suppose a quarter of the yearly revenue to be constantly in the landlord's or tenant's hands.
Here, by the by, we may observe, that it were better for trade, and consequently for every body, for more money would be stirring, and less would do the business) if rents were paid by shorter intervals than six months; for, supposing I let a farm at fifty-two pounds per ann. if my rent be paid half-yearly, there are twenty-six pounds to be employed in the payment of it in one entire sum, (if it be paid well, and if it be not paid well, for want of so much money to be spared to that purpose, there is so much want of money, and trade is still endamaged by it) a great part whereof must necessarily lie still, before it come out of my tenant's chest to my hands; if it be paid once a quarter, thirteen pounds alone would do it, and less money is laid
up for it, and stopped a less while in its course : but should it be paid every week, one single twenty shillings will
the rent of fifty-two pounds per ann. whence would follow this double benefit; first, that a great deal less money would serve for the trade of a country; and, secondly, that less of the money would lie still; the contrary whereof must needs happen, where growing debts are to be paid at larger distances, and in greater sums.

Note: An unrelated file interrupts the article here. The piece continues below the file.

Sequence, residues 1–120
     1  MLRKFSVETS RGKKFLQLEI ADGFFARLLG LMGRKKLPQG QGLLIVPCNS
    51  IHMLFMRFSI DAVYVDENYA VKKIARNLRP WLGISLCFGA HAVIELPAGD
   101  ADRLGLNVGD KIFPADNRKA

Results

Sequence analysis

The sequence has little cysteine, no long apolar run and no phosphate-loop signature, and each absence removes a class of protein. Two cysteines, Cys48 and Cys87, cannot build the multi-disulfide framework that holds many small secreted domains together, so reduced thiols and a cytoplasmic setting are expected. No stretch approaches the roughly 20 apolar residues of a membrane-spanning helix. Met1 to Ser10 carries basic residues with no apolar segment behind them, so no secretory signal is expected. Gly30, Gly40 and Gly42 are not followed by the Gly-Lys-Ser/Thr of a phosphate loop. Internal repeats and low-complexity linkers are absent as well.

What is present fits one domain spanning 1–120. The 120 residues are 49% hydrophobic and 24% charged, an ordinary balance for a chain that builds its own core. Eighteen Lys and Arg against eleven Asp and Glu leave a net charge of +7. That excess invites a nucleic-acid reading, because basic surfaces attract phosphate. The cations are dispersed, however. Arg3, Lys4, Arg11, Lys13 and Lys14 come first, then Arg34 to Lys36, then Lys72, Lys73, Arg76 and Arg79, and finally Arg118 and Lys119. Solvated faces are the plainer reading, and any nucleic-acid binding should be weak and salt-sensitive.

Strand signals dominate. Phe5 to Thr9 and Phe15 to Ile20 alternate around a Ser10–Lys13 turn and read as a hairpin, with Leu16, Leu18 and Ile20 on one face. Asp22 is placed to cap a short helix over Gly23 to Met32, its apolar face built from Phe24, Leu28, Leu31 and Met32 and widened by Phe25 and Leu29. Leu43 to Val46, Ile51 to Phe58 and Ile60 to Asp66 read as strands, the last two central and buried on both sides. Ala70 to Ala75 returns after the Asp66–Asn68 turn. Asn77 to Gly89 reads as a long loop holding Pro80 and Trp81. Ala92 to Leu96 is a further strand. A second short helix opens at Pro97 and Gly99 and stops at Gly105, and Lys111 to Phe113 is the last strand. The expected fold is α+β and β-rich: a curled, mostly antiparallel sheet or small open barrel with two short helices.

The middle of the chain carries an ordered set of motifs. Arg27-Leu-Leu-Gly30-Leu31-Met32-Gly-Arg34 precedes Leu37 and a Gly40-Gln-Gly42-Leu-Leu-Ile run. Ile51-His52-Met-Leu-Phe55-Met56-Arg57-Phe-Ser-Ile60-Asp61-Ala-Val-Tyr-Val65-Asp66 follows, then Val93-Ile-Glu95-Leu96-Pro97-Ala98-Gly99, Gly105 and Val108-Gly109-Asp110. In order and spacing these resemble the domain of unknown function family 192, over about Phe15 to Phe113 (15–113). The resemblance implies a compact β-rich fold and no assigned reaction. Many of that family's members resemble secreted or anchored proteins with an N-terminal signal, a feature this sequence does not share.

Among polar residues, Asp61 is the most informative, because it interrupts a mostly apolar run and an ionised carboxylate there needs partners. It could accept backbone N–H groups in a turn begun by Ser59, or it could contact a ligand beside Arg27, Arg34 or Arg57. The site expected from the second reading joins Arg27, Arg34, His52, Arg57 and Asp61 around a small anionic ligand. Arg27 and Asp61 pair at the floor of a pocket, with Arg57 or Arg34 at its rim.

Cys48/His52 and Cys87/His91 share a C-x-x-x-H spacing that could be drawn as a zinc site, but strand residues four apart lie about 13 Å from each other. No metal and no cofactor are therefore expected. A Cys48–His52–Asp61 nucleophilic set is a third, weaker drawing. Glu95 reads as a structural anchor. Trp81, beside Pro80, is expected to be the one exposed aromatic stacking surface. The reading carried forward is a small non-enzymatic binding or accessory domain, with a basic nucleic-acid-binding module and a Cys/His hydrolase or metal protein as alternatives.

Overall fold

Thirdly, As for the brokers, since they too must lay up the money, coming in by retail, either to go to market, and buy wares, or to pay at the day appointed, which is often six months, for those wares which they have already; we cannot suppose them to have less by them, one with another, than one-twentieth part of their yearly returns. Whether the money or they be indebted so much, or more, it matters not, if it be necessary they should have constantly by them, comparing one time with another, at least one-twentieth part of their yearly return.
Indeed, in some great towns, where the bankers are ready at hand to buy bills, or any other way to lend money for a short time at great interest, there perhaps the merchant is not forced to keep so much money by
be their own,